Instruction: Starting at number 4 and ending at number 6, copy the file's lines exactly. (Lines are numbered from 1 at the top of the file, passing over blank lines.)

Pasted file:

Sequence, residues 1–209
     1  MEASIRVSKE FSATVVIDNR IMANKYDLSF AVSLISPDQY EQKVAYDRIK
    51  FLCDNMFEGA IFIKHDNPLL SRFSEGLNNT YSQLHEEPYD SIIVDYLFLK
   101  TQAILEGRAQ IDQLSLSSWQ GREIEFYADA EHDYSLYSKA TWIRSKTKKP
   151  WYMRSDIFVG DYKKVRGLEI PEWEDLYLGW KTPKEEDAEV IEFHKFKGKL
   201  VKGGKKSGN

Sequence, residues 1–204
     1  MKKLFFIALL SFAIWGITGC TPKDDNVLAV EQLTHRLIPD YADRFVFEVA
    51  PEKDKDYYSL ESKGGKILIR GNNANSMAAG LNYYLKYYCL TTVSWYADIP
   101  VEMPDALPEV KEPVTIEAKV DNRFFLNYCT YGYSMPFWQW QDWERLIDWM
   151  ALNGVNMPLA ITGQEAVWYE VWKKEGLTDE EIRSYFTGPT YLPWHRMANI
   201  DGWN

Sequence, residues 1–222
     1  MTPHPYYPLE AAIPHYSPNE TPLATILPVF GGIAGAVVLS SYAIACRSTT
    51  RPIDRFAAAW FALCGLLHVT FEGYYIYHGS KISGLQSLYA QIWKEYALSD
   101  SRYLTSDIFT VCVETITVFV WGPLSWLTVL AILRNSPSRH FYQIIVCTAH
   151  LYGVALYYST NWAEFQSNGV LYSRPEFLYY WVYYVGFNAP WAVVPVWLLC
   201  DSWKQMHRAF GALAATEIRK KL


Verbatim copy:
   101  TQAILEGRAQ IDQLSLSSWQ GREIEFYADA EHDYSLYSKA TWIRSKTKKP
   151  WYMRSDIFVG DYKKVRGLEI PEWEDLYLGW KTPKEEDAEV IEFHKFKGKL
   201  VKGGKKSGN